Commenting on the impact COVID-19 might have on some aspects of the draft Strategy, Shannon Chamber also suggested that, given the level of change necessitated by COVID-19 and the growth in remote working, which is reducing worker commuting to major employment centres, it would be beneficial to factor this and any future such potential impacts on transport patterns into the drafting of the LSMATS, as this might further impact the way we live our lives.
Summary of Key Points of Shannon Chamber LSMATS Submission
- The abundant green areas in Shannon, which include a long-established network of “black paths” developed as the town was built, offer real potential for attractive and green walkways and cycleways.
- Extend the walkway/cycle way from Limerick to Bunratty to Shannon using existing riverside infrastructure – using existing green and landscaped areas, not roads.
- Refocus walkways in Shannon on the existing black path network that already exists and is extensively linked to the town.
- Upgrade the existing Shannon walkways signage to include direction indicators – develop a wayfinding system for Shannon.
- Designate a coherent network of cycle routes and cycle hubs across Shannon which will provide access to Shannon Airport, Shannon Free Zone and Shannon Town.
- Expand the Bicycle Sharing Scheme to Shannon.
- Development of cycling and walkway from Shannon to Bunratty /Sixmilebridge and following the riverbank to Limerick
- Consider pilot testing walk and cycle-to-school initiatives in Shannon using quiet ways based on existing pathways.
- Create long-stay parking and cycle parking hubs in Shannon, Shannon Free Zone and Shannon Airport.
- Introduce a dockless bike system for Shannon.
- Extend the cycle lane in Shannon to take in the riverside in Shannon and on to the airport; achievable through piggybacking on the upcoming flood relief works.
- Implement more direct inter-regional bus services between Shannon Airport and the second- tier cities of Galway and Cork.
- Assess how private operators can be licenced to operate on routes such as from Sixmilebridge to Shannon and from Shannon Airport to main city locations.
- Connect Shannon to Limerick City Centre and other key locations such as UL and LIT via a fast frequent and reliable bus service.
- Develop Park and Ride in both directions – Shannon to Limerick and vice versa and to facilitate access to e.g. inter-city buses also.
- Further examine the concept of light rail linking Limerick, Shannon, Sixmilebridge and Galway given the requirement to reduce our carbon footprint.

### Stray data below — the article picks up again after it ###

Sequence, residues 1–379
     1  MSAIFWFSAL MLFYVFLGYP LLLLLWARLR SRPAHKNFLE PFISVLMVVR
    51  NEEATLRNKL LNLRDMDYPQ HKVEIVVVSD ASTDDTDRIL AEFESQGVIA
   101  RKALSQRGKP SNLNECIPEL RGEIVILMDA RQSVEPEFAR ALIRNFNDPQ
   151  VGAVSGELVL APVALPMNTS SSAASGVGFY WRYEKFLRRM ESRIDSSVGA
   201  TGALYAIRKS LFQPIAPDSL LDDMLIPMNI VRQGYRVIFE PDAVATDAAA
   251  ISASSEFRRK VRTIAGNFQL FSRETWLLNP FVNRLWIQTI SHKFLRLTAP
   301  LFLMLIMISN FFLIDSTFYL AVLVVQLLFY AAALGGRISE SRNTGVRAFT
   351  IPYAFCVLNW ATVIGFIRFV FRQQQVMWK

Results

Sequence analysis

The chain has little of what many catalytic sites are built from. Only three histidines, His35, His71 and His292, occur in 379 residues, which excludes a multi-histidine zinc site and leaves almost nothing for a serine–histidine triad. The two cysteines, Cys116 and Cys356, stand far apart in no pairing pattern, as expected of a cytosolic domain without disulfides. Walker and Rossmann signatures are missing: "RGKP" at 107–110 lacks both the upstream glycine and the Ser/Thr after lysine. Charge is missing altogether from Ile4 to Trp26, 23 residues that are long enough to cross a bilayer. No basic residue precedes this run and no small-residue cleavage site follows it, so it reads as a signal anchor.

- Link Sixmilebridge and Shannon via shuttle bus.
Roads & Streets
- Upgrade the N19 approach road to Shannon Airport from the current single carriageway road layout.
- Address capacity constraints on the N19 at junctions connecting to the Business Park and Town.
- Develop a new signalised junction on the R471 at Smithstown and a new link road to connect the junction with the existing road at Smithstown.
- Upgrade the junction of L3126 and Low Road (and its approaches) at Bunratty.
- Review Shannon Town Centre parking including rationale for blocking a previous access point at the Lidl roundabout and its negative impact on traffic behaviour.
- Advance the M20 project linking Limerick and Cork and the Limerick Northern Distributor Road.
- Consideration should also be given to a future upgrade of the Limerick to Kerry route to facilitate easier access to Limerick, Shannon Airport, Galway, and the west of Ireland.
- Develop an integrated coach management scheme to support traffic management measures at key locations.
Freight, Delivery and Servicing
- Assess the feasibility of developing a consolidation centre outside Limerick city as a means of reducing the number of HGVs entering the city.
- Support the development of the Connected Autonomous Vehicle (CAV)/Mobility as a Service (MaaS) sector in the Shannon area including Unmanned Ariel Vehicle (UAV) R&D.
- Consider the likelihood of future unexpected occurrences which could further alter the pattern of living and working.
- Consider the benefits of a 4th River Shannon crossing for long-term delivery. Potential to deliver a significant city of scale and enhance the served market for Shannon Airport, enhance Shannon Foynes Port, and create the potential for an orbital route around the airport and the greater Limerick Shannon Metropolitan Area.